Monthly Archives: July 2018

Monovision Iols Vs Multifocal Iols

The first ever intraocular lens (IOL) was successfully implanted in a patient at St Thomas Hospital in London by Sir Harold Ridley on 29th November 1949 and ever since surgeons have discussed and researched the best surgical lenses to use. A staggering 67 years later, and with huge advances in the technique of implanting an intraocular lens and the lenses themselves, the discussions continue. Now we are debating monovision IOL implants versus multifocal IOL implants for presbyopia.

An intraocular lens implant is mostly used in older adult patients who have developed cataracts or myopia. IOLs are implanted in the eyes and can be offered in a monovision or multifocal variation. Each type of lens has its own assets and flaws. The eye doctor/surgeon will always recommend what they think is the best and safest lens for you, as what is good for you may not be for someone else. In this article I will go through the differences between monovision and multifocal IOL implants.

Monovision IOL Implants

Monovision is one of the ways we can treat presbyopia, in which we implant a monofocal IOL in both eyes but not the same way. An IOL can be implanted so to give near, intermediate or distance vision. When we carry out a monovision implant procedure one eye is corrected for distance vision and the other eye is corrected for near or intermediate vision.

This might appear to be problematic at first but your brain is able to do something extraordinary when eyes are corrected with monovision implants. The eye that is corrected to give distance vision will give the distance image to the brain, while the other eye, which is corrected to give closer vision, will give that image to the brain and the brain is able to merge the two together to make a whole. This may take a little while to get used to and for the brain to adjust to the new monovision at first. The eye clinic can normally demonstrate this to you to see how you cope with this effect.

Due to the fact that the monofocal monovision implants do not split light entering the eye they are better for night driving as you do not get as much glare and halos from light as patients with multifocal implants. Also as you have a fixed focal point on each eye with monovision, they tend to perform better with intermediate vision, such as using a computer. The downside to monovision is that it is a compromise and some people will love the effect while others are unable to get along with it.

Multifocal IOL Implants

Unlike monovision IOL implants where each eye has one focal point, multifocal implants work like a progressive lens. On a multifocal implant the lens itself has many circles around it at different points to give distance, intermediate and near vision in both eyes the same. The circles on the multifocal implants splits light entering the eyes so you can focus on whichever distance you are looking at, whether that be close up or an object in the distance. The point of a multifocal implant is so you will not require the use of glasses or visual aids during your day-to-day activities. Just like the monovision implants, multifocal implants take a little time to get used to. The brain will need to relearn to find the correct point for near, middle and far distances.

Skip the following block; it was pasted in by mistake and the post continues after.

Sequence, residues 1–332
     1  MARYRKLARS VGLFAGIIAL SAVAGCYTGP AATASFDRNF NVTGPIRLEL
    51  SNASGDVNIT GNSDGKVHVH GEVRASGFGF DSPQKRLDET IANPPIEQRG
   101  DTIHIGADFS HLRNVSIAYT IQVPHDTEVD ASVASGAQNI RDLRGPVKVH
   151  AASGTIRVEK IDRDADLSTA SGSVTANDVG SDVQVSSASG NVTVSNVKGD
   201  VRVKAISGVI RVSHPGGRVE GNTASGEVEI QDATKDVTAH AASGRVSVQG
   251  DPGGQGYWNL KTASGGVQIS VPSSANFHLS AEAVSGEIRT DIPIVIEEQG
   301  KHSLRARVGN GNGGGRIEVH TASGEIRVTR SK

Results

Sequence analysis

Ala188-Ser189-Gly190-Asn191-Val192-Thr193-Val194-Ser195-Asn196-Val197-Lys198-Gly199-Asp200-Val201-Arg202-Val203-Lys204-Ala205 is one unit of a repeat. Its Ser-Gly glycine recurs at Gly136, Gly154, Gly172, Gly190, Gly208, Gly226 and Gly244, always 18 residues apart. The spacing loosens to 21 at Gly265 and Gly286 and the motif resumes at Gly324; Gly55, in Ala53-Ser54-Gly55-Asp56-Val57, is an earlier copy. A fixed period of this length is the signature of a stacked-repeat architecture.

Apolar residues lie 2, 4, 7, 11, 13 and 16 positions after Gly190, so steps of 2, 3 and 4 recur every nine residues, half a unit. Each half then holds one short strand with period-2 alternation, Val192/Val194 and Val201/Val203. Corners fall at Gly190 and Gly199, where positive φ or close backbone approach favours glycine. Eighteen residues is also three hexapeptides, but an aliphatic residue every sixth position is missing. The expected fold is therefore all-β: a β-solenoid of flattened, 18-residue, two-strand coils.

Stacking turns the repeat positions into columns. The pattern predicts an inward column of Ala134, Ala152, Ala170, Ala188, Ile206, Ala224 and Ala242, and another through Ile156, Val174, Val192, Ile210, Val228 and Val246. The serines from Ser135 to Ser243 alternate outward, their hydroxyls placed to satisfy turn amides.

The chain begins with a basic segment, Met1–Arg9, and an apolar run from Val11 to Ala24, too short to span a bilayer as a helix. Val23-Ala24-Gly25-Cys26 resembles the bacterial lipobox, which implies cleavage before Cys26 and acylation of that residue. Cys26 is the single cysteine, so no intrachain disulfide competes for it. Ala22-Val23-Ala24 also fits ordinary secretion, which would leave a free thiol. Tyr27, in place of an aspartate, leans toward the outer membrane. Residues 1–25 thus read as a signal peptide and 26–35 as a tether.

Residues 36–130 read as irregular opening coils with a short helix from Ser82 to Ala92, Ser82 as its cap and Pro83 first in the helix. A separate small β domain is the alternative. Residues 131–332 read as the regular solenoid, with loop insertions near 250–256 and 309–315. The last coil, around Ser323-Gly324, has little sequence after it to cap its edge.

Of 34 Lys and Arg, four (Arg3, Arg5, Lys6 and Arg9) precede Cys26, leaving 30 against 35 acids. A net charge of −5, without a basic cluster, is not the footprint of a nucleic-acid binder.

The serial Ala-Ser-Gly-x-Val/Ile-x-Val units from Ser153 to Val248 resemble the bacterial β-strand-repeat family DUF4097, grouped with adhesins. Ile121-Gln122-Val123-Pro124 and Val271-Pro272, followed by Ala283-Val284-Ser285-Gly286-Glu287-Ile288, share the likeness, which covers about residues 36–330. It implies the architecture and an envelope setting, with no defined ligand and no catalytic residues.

What Is The Mandela Effect

So what is the Mandela effect? It is a phenomenon that more and more people are beginning to witness and it is disturbing. has to do with separate time steams, or parallel worlds. But it’s not as cut and dried as that. The effect is named after Nelson Mandela. Many people remember Nelson Mandela dying back in the 1980s during his imprisonment. Yet according to what we know today, he was released from prison, became President of South Africa, and died in 2013.

So which is the correct story? Apparently both are. People across the globe are now realizing that their memories of certain events have dramatic differences. The theory is that our society has become split between those who have one set of connection memories and those who have an entirely different recollection. This suggests the idea of a quantum split or jump in space-time. And it is not just related to Nelson Mandela. There are many examples of things changing from what many people have remembered. Let me present just a few:

In 1984 Prince released his song Let’s Go Crazy. Many remember the words Dearly beloved/We are gathered here today/To celebrate this thing called life. But if you research the lyrics, instead of the word celebrate, it says, To get through’ this thing called life. What do you recall?

Do you remember the children’s characters the Berenstain Bears, created by Stan and Jan Berenstain? Well, many remember them being called the Berenstein Bears, not the Berenstain Bears. What do you remember?

Tank Boy, as he has become known, was run over by a tank in Tiananmen Square. Many remember the bloody event. However, if you look at footage of the incident, he wasn’t actually run over”yet many remember his death vividly.

If you have seen Disney’s Snow White, you may be among those who remember the witch going to the mirror and saying: Mirror, Mirror, on the wall/Who’s the fairest of them all? Unfortunately, that’s not what she says. It’s Magic Mirror, on the wall

How about Ann Rice’s Interview with a Vampire? That’s how many of us remember the title. But the actual title is now Interview with the Vampire. Strange, right?

For more examples check out: http://www.projectilluminated.com/

So what is going on here? This phenomenon is only now gaining momentum, and more and more people are starting to notice it. Some say it is being caused by CERN (the European Organization for Nuclear Research) and its Large Hadron Collider. The idea here is that the government, in a black operations experiment, is trying to open the door to a parallel world, which is causing havoc in the space-time continuum, thus producing the Mandela Effect. But here is what I believe is taking place. (And get ready, because I’m about to take you out of the Matrix!)